The term employee fraud is often thought of as primarily monetary theft, but it also includes physical theft and workers’ compensation fraud. In any case, it’s business-related theft from the employees themselves, and almost all small businesses in the U.S. are affected by the deceptive employee practice. But how can you tell if you’re a victim of employee fraud?
Sudden or Continuous Work Schedule Concerns
Life demands require specific attention, especially in today’s pandemic-driven era. However, there’s a difference between taking off time from work for reasonable health or family-related concerns and excessive call-offs or absences. The same can be said for any employee who refuses to ever take a day off or schedule their vacation. Obvious work schedule issues and even a sudden decision from that employee to need to work independently can indicate suspicious or fraudulent behavior.
Changes in Lifestyle and/or Work Habits
Seeing an employee showing extra effort and interest in business success can greatly benefit the success of the business and highlight an exceptional worker, especially when it’s needed. However, if an employee is consistently showing up early and staying late when there’s little to no need for the effort on their behalf, that can be a sign of fraudulent activity. Also, pay attention to your employees’ lifestyles altogether. Sudden changes in vehicles, clothing, accessories or even pictures or statuses on social media can indicate you’re potentially a victim of employee fraud.
Computer Activity Becomes Suspicious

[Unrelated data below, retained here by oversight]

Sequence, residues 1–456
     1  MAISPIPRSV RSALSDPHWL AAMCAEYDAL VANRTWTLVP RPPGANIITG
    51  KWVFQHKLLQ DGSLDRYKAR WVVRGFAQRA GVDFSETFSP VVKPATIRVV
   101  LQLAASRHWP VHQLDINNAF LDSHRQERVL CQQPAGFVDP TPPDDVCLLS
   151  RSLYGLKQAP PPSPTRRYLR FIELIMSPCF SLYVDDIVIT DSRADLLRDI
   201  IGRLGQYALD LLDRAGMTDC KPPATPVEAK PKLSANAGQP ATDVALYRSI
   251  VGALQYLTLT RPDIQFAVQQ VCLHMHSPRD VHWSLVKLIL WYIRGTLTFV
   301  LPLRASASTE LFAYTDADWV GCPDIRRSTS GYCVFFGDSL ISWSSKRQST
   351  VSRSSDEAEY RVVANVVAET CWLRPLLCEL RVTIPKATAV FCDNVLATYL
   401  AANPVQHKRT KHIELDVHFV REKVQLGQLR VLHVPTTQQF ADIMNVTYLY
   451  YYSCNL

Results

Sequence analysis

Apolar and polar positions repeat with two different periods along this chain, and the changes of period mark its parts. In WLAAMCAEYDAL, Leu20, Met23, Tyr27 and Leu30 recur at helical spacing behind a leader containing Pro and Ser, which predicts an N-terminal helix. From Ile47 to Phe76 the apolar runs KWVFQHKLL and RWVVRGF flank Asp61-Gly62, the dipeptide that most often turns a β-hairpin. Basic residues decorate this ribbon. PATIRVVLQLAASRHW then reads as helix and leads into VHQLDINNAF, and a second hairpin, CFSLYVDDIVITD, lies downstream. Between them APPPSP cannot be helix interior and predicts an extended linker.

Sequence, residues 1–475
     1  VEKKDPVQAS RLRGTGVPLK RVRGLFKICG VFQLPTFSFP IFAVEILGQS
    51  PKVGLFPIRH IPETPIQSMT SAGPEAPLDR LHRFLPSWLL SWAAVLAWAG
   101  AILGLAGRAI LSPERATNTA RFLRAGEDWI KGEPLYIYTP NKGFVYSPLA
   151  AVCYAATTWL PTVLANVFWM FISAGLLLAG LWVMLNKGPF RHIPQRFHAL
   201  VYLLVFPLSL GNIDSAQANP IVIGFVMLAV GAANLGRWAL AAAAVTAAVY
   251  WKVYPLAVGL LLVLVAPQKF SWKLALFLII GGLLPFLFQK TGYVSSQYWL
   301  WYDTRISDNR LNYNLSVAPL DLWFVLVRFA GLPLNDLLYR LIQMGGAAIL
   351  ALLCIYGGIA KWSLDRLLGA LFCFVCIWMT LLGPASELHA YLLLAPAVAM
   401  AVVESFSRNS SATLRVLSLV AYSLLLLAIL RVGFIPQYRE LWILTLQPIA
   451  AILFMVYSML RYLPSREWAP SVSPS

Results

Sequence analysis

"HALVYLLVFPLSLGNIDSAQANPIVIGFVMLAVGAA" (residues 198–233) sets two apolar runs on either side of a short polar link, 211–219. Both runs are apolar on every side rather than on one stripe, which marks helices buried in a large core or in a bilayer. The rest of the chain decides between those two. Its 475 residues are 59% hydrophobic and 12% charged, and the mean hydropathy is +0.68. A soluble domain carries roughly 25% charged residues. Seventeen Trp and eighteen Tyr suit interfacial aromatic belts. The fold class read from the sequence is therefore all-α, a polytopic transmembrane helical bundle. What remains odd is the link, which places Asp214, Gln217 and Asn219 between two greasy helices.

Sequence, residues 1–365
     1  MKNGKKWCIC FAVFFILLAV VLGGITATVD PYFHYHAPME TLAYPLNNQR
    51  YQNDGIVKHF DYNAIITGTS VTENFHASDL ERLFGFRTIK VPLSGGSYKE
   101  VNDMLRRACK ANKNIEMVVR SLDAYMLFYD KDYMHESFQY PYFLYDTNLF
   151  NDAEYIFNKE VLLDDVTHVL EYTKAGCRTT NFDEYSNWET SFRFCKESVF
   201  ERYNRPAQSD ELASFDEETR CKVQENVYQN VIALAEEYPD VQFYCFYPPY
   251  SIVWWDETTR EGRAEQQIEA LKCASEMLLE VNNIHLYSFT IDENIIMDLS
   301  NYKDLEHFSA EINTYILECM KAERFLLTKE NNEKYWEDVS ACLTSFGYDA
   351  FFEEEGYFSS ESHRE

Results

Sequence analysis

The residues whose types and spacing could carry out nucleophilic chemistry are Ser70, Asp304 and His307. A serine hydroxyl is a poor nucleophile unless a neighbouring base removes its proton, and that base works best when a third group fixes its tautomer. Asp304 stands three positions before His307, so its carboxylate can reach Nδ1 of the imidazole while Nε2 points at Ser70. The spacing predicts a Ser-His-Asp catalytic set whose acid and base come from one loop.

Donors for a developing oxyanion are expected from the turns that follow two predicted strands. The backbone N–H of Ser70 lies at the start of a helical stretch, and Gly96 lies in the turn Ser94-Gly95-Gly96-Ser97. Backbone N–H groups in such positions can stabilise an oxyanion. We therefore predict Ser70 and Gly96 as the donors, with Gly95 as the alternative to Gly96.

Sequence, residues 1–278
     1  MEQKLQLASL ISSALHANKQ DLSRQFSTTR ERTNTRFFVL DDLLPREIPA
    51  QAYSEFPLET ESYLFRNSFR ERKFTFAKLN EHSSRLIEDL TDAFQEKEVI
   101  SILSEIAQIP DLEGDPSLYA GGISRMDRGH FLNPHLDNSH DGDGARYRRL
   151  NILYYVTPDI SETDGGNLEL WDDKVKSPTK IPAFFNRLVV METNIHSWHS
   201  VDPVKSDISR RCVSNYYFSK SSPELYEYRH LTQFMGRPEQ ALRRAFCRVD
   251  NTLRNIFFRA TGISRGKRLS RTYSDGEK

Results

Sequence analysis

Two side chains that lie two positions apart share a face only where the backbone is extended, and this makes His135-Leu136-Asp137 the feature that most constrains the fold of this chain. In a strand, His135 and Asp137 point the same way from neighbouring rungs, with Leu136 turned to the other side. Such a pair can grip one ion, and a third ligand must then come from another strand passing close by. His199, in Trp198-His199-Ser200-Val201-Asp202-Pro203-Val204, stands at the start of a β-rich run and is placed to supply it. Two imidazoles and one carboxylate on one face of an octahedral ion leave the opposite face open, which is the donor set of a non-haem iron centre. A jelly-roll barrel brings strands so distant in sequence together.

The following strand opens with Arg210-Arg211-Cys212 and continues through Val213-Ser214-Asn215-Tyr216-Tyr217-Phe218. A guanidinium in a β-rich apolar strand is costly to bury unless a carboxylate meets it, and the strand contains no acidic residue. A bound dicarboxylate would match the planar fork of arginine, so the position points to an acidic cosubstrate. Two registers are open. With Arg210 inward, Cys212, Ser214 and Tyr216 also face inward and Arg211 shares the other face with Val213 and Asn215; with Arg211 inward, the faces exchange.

Approximately 65 million U.S. adult employees use computers during their daily work tasks. While workplace computers are usually specifically meant for business-related functions, it’s not uncommon for employees to check their personal email or social media on breaks, or even keep a game running in the background for slow times. However, management can always monitor activity, and if an employee is consistently hiding their screen or acting suspiciously on their computer, they may be engaging in fraudulent activity.
Obvious Employee-Related Client and Vendor Preferences
Fondness, friendliness, and even favoritism are often fine qualities between employees and clients or vendors as long as it remains professional and doesn’t cross a line. However, giving or receiving meals, gift certificates, merchandise, entertainment coupons, and other gifts on either side can clearly indicate you have a deceptive employee on hand. Pay attention and review security footage to verify if you’re currently or about to be a victim of employee fraud.
Increased Damaged Merchandise and Inventory Issues
If merchandise is damaged or unwanted by customers, businesses usually either have to toss it out, write it off, or go through a lengthy process of selling it to liquidators and wholesalers. Damaged and unwanted merchandise can cost the average retailer approximately 4.4% of its annual revenue, and smart business owners expect a moderate amount of loss. However, if that loss is increasing due to sporadic, ongoing, or consistent inventory issues, it may be more than accidental damage or manufacturing glitches. You may, in fact, be a victim of employee fraud. If you believe you have a deceptive employee or employee concerns resulting in fraud, contact ASG Investigations to get to the root of the issue.